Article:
by Barbara D'Amato
From my living room window, I can look out at Lake Michigan. In many ways this is very, very nice. I enjoy seeing the clouds and seagulls. The colors of Lake Michigan change as the sun moves. It’s never the same and always interesting.
However, I also see people jogging, rollerblading, racing, power-walking, and bicycling on the esplanade. And swimming until a week or so ago. Whether I’ve been slothful, hanging around the house, or have just come in from a two-mile walk, watching them makes me feel lazy.
I realize the ones I saw jogging or bicycling this morning are not the same ones running, rollerblading, or skateboarding at noon or in the evening—or if they are, they’re nuts. But they make me feel like a lazy slob, whoever they are.
The same thing happens with writing.
I asked one of my writing friends some years ago whether she subscribed to Publishers Weekly. She said, “Absolutely not! All those reviews would make me feel I wasn’t working fast enough.”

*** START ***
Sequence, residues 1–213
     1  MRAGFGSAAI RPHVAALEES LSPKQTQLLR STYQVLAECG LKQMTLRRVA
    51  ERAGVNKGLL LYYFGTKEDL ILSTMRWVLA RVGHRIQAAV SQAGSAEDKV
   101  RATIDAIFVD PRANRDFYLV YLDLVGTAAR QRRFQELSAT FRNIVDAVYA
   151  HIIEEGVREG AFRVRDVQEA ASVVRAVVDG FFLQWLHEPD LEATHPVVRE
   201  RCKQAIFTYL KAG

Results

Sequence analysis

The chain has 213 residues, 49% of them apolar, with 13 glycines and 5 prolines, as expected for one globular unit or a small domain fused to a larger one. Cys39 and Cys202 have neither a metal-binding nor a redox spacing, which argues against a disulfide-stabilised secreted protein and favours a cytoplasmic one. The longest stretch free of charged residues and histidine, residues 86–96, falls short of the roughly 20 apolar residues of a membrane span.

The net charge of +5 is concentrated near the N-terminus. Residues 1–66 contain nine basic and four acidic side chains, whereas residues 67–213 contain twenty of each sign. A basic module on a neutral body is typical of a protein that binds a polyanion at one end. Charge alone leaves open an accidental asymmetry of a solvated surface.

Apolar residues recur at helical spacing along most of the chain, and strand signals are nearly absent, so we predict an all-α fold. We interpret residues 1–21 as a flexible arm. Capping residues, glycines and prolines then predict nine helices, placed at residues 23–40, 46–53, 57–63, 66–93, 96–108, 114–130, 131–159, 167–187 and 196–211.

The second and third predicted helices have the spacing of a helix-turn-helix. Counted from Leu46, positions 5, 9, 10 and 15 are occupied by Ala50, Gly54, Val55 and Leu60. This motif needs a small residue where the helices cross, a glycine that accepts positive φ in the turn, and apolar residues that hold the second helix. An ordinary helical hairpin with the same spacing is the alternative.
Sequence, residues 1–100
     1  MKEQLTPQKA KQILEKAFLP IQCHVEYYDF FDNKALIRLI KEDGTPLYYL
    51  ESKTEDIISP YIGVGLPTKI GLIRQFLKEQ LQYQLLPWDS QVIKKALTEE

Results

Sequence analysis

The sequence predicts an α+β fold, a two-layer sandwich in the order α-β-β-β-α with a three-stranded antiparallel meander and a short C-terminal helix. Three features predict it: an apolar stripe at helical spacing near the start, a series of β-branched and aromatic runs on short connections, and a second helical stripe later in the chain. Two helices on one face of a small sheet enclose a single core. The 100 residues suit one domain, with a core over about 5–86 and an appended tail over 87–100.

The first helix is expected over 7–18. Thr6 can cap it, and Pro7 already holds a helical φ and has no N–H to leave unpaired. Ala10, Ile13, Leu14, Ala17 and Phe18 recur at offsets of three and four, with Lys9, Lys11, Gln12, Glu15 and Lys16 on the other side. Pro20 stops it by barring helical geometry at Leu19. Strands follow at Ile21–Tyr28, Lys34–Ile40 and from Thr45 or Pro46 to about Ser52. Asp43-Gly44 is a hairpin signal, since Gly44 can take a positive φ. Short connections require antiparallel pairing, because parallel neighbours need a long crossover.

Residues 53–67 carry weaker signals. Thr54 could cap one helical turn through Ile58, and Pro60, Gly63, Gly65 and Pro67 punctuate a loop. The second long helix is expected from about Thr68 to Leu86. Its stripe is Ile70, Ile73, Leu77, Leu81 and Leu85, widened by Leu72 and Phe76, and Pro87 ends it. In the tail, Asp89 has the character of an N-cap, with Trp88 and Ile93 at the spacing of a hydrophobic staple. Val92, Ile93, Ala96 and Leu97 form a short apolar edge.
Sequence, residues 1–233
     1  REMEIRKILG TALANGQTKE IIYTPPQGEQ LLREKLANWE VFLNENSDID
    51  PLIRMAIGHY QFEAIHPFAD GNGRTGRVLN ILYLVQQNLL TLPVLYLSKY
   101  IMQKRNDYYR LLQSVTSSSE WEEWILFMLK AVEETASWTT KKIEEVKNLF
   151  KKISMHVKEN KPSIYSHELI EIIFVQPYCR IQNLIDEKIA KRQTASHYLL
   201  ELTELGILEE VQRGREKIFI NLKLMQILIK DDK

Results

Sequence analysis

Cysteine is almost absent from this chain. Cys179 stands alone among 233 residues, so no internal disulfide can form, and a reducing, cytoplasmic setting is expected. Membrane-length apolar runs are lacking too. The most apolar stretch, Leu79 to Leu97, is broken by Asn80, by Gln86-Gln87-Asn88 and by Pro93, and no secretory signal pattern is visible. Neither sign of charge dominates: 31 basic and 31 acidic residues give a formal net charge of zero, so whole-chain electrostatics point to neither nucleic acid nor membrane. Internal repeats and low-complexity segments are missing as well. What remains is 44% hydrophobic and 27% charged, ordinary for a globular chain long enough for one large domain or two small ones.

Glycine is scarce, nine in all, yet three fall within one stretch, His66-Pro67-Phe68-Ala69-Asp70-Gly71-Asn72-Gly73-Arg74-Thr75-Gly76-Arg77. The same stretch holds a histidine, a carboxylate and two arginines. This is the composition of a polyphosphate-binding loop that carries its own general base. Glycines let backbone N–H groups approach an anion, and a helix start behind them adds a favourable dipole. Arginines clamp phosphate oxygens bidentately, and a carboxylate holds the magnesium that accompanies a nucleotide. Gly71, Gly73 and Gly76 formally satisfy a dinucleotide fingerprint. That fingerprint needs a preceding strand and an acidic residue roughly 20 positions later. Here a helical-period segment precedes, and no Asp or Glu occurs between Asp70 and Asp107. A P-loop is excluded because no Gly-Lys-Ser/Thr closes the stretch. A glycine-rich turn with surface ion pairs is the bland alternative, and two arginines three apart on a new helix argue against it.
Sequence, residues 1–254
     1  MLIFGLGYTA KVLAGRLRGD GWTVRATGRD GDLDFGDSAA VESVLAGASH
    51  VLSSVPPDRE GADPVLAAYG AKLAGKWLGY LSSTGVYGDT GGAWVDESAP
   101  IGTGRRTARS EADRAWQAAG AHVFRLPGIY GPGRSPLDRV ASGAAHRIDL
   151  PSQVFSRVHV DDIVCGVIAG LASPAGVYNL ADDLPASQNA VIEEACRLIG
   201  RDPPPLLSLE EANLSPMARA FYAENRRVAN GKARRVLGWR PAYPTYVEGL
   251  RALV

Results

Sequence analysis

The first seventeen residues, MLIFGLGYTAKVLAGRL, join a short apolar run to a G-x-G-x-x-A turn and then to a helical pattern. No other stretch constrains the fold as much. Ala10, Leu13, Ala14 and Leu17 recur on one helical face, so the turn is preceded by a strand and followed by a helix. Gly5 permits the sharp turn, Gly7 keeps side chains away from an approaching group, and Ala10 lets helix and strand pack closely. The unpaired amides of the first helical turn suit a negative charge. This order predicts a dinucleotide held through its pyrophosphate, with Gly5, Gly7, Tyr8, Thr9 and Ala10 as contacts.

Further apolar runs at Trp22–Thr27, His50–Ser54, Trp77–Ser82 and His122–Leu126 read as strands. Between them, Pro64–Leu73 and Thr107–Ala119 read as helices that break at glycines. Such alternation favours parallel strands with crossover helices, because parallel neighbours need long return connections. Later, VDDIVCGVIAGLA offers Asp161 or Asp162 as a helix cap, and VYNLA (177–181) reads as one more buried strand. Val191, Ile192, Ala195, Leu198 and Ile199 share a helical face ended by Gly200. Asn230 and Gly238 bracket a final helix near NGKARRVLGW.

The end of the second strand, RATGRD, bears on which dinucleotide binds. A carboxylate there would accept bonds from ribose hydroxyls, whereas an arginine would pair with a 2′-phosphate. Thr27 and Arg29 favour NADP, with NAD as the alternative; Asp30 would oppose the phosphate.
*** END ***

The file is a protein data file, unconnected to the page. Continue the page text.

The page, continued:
I have other writing friends who say either that they never read online reviews, writers' gossip sites, or other sites about new books that have come out, or that they read them only right after they’ve sent their book to their publisher.
When I read review publications, it seems like everyone in the world has a new book out. I should be working faster, working harder, working smarter. Even bookstores, which I love, make me feel like a lazy slob. They are a reproach to me.
Why am I still on page 129? I’ve been on 129 for three days.
Why did I just waste half an hour playing two games of computer crossword? Why do I keep going to the anacrostic site when I should be writing? Why did anybody invent online jigsaw puzzles?
Do you writers out there feel the same?
I should get to work right now. But maybe just a short round of drop quotes to wind down.